Medium to High Density Housing Summit

Registration now closed

Live Stream

April 1st-2nd, 2020

Urbanisation and population growth have fuelled the need to rethink the ‘quarter acre dream’ for New Zealanders in our largest cities. Medium and increasingly high-density housing provides an innovative solution to the increasing space issues faced by cities.

Bringing together the leaders and influencers, the 2020 summit will explore how smaller, sustainable smartly designed homes, with community living within shared spaces, are the future of New Zealand’s cities.


Influential and inspiring speakers.


Delivered via live streaming over two days, this diverse and thought-provoking discussion covering urban design best practices, wellbeing and community living, cohousing density to acoustic considerations and much more. International medium and high-density design projects, from China to Australia as well as local examples will be discussed.

  • 01 April
  • 02 April


Get in contact

If there is anything you want to know about the Summit please contact Jo Woodage, Events Manager by email or phone 03 358 0112.

Live Streaming

We've partnered with Teulo, a professional live streaming video platform specifically for the architecture, design and building industry. Once registered and prior to the start of the online streaming, registered people well receive an email with details on how to join the live stream event.

View system requirements or instructions here, provided by Teulo

Who should attend?

If you have an interest in the future of New Zealand’s housing, then this is an essential summit to be a part of. In particular this is a must attend event for investors, developers, architects, architectural designers, architectural students and urban planners.

Continuous Professional Development (CPD)

Attending this summit will attract 14 ADNZ CPD points and 80 NZRAB points.


Hear from our innovative architectural and construction industry exhibitors.

Event App

Download the official event app for the latest programme and speaker information.

Michael Bishop

Senior Policy Adviser
NSW Minister for Planning and Public Spaces
Michael is an urban planner and policy maker with experience in housing and infrastructure policy working in Commonwealth and State government and in private practice. Michael also teaches urban policy in the Bachelor of City Planning programme at the University of New South Wales.

02 April

Dr Natalie Allen

The Urban Advisory
Natalie specialises in delivering implementable and innovative urban strategy. She is a director of The Urban Advisory; an urban innovation studio that is working to rethink what we know about cities and the way we live in them. Natalie has a background in architecture and urban design and regularly publishes and speaks about her work across New Zealand. As a doctoral scholar, Natalie’s research was focussed on the relationship between delivering urban intensification in suburbia and maintaining or enhancing the liveability experienced by residents. She now incorporates this expertise into her work with Developers, Councils, Community Groups and Central and Local Government to ensure the delivery of neighbourhoods, not just houses. Natalie is passionate about seeing more diverse solutions being added to New Zealand’s housing stock and advocates for a broader ecosystem of housing models in New Zealand.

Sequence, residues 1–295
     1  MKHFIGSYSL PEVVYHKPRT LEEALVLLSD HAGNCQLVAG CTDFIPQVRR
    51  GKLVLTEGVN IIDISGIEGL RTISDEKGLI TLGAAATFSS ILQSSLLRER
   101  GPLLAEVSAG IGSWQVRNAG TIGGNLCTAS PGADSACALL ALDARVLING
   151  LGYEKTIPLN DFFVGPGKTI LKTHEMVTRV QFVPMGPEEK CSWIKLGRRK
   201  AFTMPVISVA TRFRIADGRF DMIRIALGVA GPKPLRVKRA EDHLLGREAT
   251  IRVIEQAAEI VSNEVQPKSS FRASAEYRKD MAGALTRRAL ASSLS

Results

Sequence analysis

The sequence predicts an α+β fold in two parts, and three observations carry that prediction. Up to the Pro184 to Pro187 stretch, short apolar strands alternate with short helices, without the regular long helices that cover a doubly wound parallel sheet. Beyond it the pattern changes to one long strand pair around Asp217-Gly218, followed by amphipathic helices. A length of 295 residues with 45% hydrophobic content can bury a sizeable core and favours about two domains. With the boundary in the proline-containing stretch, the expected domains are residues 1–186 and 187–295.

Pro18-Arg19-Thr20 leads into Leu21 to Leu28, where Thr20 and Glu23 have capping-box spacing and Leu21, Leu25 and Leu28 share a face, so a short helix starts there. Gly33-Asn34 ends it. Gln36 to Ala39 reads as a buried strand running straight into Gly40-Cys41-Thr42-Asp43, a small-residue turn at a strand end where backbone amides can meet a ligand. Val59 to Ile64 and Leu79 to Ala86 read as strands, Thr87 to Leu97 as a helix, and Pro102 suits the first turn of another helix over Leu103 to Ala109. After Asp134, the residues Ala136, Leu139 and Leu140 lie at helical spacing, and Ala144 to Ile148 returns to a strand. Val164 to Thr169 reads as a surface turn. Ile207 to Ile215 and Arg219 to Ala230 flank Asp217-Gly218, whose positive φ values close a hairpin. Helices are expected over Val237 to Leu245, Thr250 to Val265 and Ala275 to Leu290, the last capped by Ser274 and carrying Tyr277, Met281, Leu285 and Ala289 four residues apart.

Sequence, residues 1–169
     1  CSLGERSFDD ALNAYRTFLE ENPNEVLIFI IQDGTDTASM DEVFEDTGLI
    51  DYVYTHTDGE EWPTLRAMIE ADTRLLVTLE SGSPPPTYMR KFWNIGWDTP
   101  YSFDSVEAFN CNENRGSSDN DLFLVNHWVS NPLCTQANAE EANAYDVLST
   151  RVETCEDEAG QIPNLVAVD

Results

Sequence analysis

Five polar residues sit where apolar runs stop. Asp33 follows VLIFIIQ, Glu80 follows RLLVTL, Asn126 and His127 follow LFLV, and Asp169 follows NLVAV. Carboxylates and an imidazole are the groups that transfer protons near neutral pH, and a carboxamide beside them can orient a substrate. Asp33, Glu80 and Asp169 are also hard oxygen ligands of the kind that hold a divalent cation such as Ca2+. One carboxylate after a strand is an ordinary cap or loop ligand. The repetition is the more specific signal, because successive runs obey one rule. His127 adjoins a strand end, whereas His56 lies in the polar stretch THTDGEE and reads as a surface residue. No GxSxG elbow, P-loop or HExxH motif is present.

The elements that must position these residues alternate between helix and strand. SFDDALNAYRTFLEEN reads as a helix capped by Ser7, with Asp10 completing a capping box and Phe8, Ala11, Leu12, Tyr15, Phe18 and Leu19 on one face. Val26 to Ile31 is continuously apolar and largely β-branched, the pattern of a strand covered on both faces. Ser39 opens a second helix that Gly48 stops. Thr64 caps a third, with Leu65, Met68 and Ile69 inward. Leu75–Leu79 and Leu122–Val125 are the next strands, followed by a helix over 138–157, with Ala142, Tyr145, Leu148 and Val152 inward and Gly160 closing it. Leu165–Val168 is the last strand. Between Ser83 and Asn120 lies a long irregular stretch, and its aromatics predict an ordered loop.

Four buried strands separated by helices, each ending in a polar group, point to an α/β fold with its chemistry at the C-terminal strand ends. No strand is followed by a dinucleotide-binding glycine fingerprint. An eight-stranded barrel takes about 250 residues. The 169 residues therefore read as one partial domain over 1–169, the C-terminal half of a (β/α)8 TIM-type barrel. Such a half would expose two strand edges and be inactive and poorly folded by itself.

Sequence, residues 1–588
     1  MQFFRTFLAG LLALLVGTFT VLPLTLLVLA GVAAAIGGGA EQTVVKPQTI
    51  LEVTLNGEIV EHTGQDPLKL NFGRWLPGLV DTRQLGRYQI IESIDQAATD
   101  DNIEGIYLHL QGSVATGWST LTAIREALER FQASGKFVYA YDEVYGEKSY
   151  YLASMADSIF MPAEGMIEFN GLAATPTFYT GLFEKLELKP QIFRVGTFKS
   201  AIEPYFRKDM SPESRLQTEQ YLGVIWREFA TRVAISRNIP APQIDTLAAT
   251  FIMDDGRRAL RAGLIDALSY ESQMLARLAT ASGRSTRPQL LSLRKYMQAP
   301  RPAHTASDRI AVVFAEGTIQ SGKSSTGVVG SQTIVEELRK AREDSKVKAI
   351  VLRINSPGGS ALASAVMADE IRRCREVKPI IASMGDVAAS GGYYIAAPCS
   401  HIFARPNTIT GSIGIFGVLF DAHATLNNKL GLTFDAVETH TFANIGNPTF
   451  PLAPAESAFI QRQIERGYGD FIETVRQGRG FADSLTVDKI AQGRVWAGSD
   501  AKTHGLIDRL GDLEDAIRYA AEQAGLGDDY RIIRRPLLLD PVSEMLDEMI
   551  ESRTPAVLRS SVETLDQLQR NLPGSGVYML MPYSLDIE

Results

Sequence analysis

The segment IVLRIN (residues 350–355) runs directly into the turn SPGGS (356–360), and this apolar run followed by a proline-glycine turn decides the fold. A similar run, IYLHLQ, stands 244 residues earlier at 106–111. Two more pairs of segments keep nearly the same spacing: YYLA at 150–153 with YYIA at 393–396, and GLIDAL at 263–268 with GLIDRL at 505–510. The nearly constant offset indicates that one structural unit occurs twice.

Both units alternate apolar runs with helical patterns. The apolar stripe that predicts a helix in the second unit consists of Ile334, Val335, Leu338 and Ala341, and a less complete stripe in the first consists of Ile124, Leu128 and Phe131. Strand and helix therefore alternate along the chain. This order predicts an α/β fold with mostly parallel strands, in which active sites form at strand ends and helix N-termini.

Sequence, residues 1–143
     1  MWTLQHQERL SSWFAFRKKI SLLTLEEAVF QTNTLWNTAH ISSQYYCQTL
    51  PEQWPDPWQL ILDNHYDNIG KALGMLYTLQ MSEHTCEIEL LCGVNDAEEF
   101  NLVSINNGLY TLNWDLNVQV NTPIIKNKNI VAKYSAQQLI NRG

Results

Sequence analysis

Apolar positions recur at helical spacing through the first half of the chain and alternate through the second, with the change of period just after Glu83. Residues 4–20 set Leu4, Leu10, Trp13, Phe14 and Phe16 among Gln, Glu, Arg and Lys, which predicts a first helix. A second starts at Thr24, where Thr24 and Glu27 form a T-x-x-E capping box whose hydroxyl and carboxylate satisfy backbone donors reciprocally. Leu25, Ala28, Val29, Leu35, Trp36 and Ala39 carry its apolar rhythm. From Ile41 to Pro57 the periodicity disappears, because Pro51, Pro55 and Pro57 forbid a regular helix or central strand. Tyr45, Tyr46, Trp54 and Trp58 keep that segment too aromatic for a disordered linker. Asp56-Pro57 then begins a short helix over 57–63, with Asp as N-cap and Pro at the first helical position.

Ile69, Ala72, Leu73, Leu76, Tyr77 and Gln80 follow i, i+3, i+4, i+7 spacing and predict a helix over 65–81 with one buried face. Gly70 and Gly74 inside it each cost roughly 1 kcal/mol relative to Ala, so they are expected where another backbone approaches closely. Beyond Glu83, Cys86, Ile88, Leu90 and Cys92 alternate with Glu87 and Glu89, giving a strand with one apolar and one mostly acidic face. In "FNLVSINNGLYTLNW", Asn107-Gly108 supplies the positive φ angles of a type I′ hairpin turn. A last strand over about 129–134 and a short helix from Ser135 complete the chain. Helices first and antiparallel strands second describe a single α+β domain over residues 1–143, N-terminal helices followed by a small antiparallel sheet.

01 April

Jason Twill

Urban Apostles
With a career spanning over 20 years’ in urban development, Jason has been at the forefront of built environment transformation. A globally recognised pioneer in innovation districts, community-led housing and regenerative design, Jason’s work is informing the next generation of city making.

His career experience includes mixed-use developments throughout New York City, the South Lake Union Innovation District in Seattle and serving as Head of Sustainability and innovation for Lendlease.

As Director of Urban Apostles, Jason leads a real estate consulting and development firm specialising in equitable and regenerative growth strategies for cities.

He is a co-founder of both the International Living Future Institute and the Green Sports Alliance and served as a climate change policy advisor to both the Obama Administration and the Clinton Global Initiative.

In 2018, Jason founded and launched the City Makers’ Guild, an education, advocacy and research group promoting more equitable and inclusive cities.

01 April

Pete Bossley

Architect & Director
Bossley Architects
BArch (Hons), NZCD (Arch), Registered Architect (NZ), Fellow NZIA, RAIA, NZIA Gold Medal 2012, Alliance Partner Group GSA, Chair NZIA Auckland 2006-2008